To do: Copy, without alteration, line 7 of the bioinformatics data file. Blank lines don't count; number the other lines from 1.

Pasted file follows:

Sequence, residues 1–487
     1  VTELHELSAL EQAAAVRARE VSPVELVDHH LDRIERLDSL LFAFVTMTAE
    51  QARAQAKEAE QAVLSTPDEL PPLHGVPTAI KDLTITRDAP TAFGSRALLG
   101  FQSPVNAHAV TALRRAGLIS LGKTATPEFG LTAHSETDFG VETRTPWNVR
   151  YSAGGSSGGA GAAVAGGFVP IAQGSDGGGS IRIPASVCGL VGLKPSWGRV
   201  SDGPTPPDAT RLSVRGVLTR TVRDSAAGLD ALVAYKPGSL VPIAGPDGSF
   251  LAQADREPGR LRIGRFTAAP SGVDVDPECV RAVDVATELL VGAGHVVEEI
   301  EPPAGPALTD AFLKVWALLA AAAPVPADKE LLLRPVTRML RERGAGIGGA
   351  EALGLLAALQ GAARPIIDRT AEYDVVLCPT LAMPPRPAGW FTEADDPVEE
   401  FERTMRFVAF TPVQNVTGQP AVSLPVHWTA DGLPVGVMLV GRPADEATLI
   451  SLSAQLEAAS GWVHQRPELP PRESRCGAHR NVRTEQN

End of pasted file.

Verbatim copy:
   251  LAQADREPGR LRIGRFTAAP SGVDVDPECV RAVDVATELL VGAGHVVEEI